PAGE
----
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Camp Sahara desert tours

Tours, Other, More
M'Hamid, Morocco
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About Camp Sahara desert tours
We offer personalised desert treks and experiences organised by a family business based in the M’hamid, with our local knowledge we can provide a unique visit to our Sahara desert for the adventurous and the less adventurous alike. solo travellers, couples and families are all welcomed.
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Camp Sahara desert tours
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Prune H wrote a review Nov 2019
2 contributions1 helpful vote
They picked us up from our hostel in Marrakech, we were the two of us in a 4x4 with a driver and a guide. We stopped regularly on our way to the desert to visit different places. We slept two nights in desert camps, the first one in a camp near M’Hamid where we could either sleep under the stars or inside and where the host was really nice and explained lots of things to us, the food was amazing. The second day we drove in the desert, stopped for a few hours in the middle of the day and finally arrived in Erg Chegaga where we had the chance to ride a dromedary and see the sunset from the top of the dune. We listened to some Berber music at night. The third day we drove back all the way to Marrakech. Overall the trip was amazing, the driver and the guide were really nice and flexible, they always paid attention to what we wanted. We felt like we were well taken care of. We recommend!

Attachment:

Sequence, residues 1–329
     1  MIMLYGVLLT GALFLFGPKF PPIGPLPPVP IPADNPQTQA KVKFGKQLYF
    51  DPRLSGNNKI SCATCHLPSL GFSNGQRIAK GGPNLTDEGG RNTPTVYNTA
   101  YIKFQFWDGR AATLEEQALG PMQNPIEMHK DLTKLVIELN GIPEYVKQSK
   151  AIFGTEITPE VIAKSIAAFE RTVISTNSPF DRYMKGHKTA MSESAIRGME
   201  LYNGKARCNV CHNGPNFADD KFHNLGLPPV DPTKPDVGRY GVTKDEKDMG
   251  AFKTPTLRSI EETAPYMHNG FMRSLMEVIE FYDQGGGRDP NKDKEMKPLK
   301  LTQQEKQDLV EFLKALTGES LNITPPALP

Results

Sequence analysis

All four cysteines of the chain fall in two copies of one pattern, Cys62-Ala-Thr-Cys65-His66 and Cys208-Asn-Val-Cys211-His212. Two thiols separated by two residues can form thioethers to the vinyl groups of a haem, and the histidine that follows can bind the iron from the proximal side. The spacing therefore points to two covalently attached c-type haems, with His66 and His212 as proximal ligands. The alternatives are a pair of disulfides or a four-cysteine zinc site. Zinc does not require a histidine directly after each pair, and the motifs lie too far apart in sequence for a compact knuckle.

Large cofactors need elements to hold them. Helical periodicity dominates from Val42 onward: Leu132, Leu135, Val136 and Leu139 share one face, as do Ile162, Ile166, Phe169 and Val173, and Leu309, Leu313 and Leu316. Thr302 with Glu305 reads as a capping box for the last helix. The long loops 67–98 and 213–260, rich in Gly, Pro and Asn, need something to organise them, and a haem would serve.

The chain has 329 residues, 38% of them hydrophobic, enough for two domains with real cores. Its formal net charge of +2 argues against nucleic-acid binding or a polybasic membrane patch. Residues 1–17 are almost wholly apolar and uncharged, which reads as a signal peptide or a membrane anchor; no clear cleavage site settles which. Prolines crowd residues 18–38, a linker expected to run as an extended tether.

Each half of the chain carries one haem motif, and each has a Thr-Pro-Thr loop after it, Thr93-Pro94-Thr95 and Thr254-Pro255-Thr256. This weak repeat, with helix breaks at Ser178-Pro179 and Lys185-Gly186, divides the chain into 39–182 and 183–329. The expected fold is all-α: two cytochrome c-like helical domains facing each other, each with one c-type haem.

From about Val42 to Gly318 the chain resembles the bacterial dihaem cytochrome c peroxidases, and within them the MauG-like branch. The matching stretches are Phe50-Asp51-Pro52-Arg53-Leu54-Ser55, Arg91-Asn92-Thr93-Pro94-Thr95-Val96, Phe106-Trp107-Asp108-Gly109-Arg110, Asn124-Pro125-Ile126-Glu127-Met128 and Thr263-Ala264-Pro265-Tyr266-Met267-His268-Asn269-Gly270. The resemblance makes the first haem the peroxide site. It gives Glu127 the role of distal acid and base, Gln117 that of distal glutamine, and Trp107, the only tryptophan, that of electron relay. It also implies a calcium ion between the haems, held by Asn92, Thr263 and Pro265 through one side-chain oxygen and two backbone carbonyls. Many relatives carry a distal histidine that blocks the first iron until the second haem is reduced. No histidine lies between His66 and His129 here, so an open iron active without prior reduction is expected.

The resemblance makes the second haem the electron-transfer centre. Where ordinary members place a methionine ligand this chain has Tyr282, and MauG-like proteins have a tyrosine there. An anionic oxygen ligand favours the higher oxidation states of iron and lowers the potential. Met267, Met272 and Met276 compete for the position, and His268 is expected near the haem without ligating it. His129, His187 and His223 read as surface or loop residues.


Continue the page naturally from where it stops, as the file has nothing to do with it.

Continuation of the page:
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Date of experience: September 2019
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MrTobor wrote a review Sep 2019
Jackfield, United Kingdom8 contributions5 helpful votes